This is classic. A full suspension road rig missing only one thing… the disc brakes. Probably 11 kilo’s of bike there. When it comes to road bikes, it’s the cobbles that rep the one discipline if ya will, where opportunity exists to really improve the bike or more specifically, the ride. Not that anyone will go considerably faster (?) but the ride could still be greatly improved I’m guessing.

  21. @Teocalli

    It ain’t all that often that I laugh out loud, but for some reason, this photo has me in stitches. Mother of god. Funny thing is, but for the cockups such as Museeuw experienced, that could have become a major evolutionary branch, rather than a dead end… Makes me wonder what we’ll think of our current mountain bikes, in twenty years.

  22. Here is a good description at PezCycling of that bike and the race. Thanks @Teocalli, I really dig that bike. And just in case I didn’t hyperlink correctly:

    http://www.pezcyclingnews.com/features/retrofile-roubaix-meets-dual-suspension/#.VPsL4VoUN94

  23. @jb

    @Teocalli

    It ain’t all that often that I laugh out loud, but for some reason, this photo has me in stitches. Mother of god. Funny thing is, but for the cockups such as Museeuw experienced, that could have become a major evolutionary branch, rather than a dead end… Makes me wonder what we’ll think of our current mountain bikes, in twenty years.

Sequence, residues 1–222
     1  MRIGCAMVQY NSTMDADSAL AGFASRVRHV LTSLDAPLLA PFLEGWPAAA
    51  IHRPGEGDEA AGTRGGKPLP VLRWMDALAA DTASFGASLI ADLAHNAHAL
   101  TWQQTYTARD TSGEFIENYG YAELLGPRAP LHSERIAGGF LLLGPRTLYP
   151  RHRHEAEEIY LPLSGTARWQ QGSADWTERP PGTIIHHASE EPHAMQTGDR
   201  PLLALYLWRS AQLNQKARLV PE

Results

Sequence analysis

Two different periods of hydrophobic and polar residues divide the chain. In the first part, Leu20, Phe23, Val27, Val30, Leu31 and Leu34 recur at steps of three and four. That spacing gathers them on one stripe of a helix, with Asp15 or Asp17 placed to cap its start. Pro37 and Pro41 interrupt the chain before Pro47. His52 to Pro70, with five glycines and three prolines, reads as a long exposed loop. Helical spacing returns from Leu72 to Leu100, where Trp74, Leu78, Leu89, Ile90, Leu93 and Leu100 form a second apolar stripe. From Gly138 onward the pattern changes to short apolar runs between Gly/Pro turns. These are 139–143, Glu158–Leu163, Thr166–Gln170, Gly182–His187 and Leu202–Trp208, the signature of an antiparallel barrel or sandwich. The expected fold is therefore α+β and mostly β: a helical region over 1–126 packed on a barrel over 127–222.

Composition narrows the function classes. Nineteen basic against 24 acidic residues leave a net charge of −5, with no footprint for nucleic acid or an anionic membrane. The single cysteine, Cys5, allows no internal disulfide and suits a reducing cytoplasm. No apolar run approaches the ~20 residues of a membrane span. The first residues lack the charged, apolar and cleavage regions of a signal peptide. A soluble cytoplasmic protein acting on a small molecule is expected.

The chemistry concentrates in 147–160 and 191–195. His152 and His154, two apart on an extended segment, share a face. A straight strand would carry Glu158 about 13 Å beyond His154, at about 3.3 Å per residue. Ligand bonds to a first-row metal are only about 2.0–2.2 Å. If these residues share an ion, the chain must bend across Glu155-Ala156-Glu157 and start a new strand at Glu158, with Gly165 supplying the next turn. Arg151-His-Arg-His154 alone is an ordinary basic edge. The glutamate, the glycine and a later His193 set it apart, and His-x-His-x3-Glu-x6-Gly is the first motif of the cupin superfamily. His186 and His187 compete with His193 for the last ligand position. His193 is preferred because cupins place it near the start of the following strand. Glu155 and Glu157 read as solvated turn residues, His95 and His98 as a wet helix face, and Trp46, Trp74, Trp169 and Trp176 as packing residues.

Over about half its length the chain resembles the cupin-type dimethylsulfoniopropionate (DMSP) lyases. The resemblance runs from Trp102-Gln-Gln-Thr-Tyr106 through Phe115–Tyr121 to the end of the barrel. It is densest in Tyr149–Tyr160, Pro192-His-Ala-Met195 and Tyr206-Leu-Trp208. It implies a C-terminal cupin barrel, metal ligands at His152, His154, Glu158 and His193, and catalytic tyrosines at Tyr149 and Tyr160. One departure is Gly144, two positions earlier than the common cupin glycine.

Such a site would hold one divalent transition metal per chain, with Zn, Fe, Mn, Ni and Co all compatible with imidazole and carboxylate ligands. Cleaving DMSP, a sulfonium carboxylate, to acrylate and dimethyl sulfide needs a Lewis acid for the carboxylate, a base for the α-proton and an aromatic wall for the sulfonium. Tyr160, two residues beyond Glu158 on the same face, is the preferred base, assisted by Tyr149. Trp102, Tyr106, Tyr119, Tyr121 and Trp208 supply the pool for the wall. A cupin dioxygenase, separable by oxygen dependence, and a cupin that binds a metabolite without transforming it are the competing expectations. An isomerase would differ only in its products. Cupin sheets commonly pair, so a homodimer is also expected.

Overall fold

That’s interesting thought yes. The last five years have seen super improvements in mtn bikes: weight and suspension. My current full suspension 29er rig is just under 24 lbs and that’s w/o carbon cockpit, seat tube and top of line components. And with the rear shock technology employed, it climbs like a mtn goat without losing any traction over rocks and roots and still maybe zero loss to inefficiencies from squish when pedaling. Amazing. My daughter’s 650b hard tail race machine we built up at 21 lbs on XS frame. And we could have easily (though expensively) got it well under 20 lbs. And where weight’s not an issue, with what’s being done with suspension tech on the looney tune downhill bombing bikes??

    Don’t think similar is in store for road bikes? I’m guessing the engineering and technology is capable today of a full suspension road rig at close to the 15 lb weight limit. Might be one very expensive bike yes, but could be done. Obviously not necessary for regular roads. Good wheel/tire and pressure can manage any specific road surface. But for cobbles, fire roads, service roads, and even CX ? Plenty of opportunity.

  24. Speaking of curses, Gerrans broke his elbow in the Strade Bianche today – his first race back after breaking his collar bone.

  25. Strade Bianche Eroica Pro 2015 (photo by me).

  26. Strade Bianche Women Elite (photo by me).

  27. If you wonder the girl is Lisa Brennauer the German Champ.

  28. @JohnB